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Student in racist frat video wants you to know he is sorry for his language

After a video in which he helps lead a racist chant on a fraternity bus trip went viral on Saturday, life has been turned upside down for Parker Rice — one of the Sigma Alpha Epsilon brothers.

Since then Rice’s fraternity house at the University of Oklahoma has been shut down and he has been expelled from, or voluntarily left, school, depending on who you believe.

In a statement to the Dallas Morning News released on Tuesday, Rice tried to make sense of his stupidity and amends for the hurt his actions may have caused.

“I am deeply sorry for what I did Saturday night. It was wrong and reckless. I made a horrible mistake by joining into the singing and encouraging others to do the same,” Rice writes.

“On Monday, I withdrew from the university, and sadly, at this moment our family is not able to be in our home because of threatening calls as well as frightening talk on social media.”

Rice goes on to try and explain that he comes from a good family and friend group, who carry values that he has betrayed.

“We were taught to be ‘Men for Others.’ I failed in that regard, and in those moments, I also completely ignored the core values and ethics I learned from my parents and others,” he writes.

“My goal for the long-term is to be a man who has the heart and the courage to reject racism wherever I see or experience it in the future.”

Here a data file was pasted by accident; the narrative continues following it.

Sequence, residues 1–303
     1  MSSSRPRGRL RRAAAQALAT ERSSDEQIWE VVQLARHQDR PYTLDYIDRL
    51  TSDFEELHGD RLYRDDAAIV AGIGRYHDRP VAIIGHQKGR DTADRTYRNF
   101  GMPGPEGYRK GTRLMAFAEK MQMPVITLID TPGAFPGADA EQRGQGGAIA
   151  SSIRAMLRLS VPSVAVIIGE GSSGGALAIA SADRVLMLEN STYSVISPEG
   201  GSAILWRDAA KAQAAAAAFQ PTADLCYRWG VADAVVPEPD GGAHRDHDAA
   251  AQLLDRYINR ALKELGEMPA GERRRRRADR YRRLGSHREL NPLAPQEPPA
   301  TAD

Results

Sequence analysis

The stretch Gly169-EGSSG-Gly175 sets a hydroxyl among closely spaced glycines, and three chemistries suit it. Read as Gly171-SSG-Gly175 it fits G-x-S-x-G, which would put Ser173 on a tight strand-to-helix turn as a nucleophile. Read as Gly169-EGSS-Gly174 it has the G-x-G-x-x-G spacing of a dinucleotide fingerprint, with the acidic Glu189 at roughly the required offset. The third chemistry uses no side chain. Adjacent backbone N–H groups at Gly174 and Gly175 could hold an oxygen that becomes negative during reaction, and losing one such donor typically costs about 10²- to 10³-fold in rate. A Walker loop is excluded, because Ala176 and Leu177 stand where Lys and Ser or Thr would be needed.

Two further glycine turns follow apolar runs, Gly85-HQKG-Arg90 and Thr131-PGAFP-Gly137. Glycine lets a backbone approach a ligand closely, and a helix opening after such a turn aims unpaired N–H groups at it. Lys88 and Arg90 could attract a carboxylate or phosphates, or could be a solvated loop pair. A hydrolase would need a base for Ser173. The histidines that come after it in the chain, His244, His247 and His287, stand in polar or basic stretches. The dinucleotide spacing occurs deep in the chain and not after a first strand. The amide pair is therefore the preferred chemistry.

Parker Rice’s full statement.

I am deeply sorry for what I did Saturday night. It was wrong and reckless. I made a horrible mistake by joining into the singing and encouraging others to do the same. On Monday, I withdrew from the university, and sadly, at this moment our family is not able to be in our home because of threatening calls as well as frightening talk on social media.

I know everyone wants to know why or how this happened. I admit it likely was fueled by alcohol consumed at the house before the bus trip, but that’s not an excuse. Yes, the song was taught to us, but that too doesn’t work as an explanation. It’s more important to acknowledge what I did and what I didn’t do. I didn’t say no, and I clearly dismissed an important value I learned at my beloved high school, Dallas Jesuit. We were taught to be ‘Men for Others.’ I failed in that regard, and in those moments, I also completely ignored the core values and ethics I learned from my parents and others.

At this point, all I can do is be thoughtful and prayerful about my next steps, but I am also concerned about the fraternity friends still on campus. Apparently, they are feeling unsafe and some have been harassed by others. Hopefully, the university will protect them.

For me, this is a devastating lesson and I am seeking guidance on how I can learn from this and make sure it never happens again. My goal for the long-term is to be a man who has the heart and the courage to reject racism wherever I see or experience it in the future.

Thank you for your consideration of my deepest apologies for what I did.

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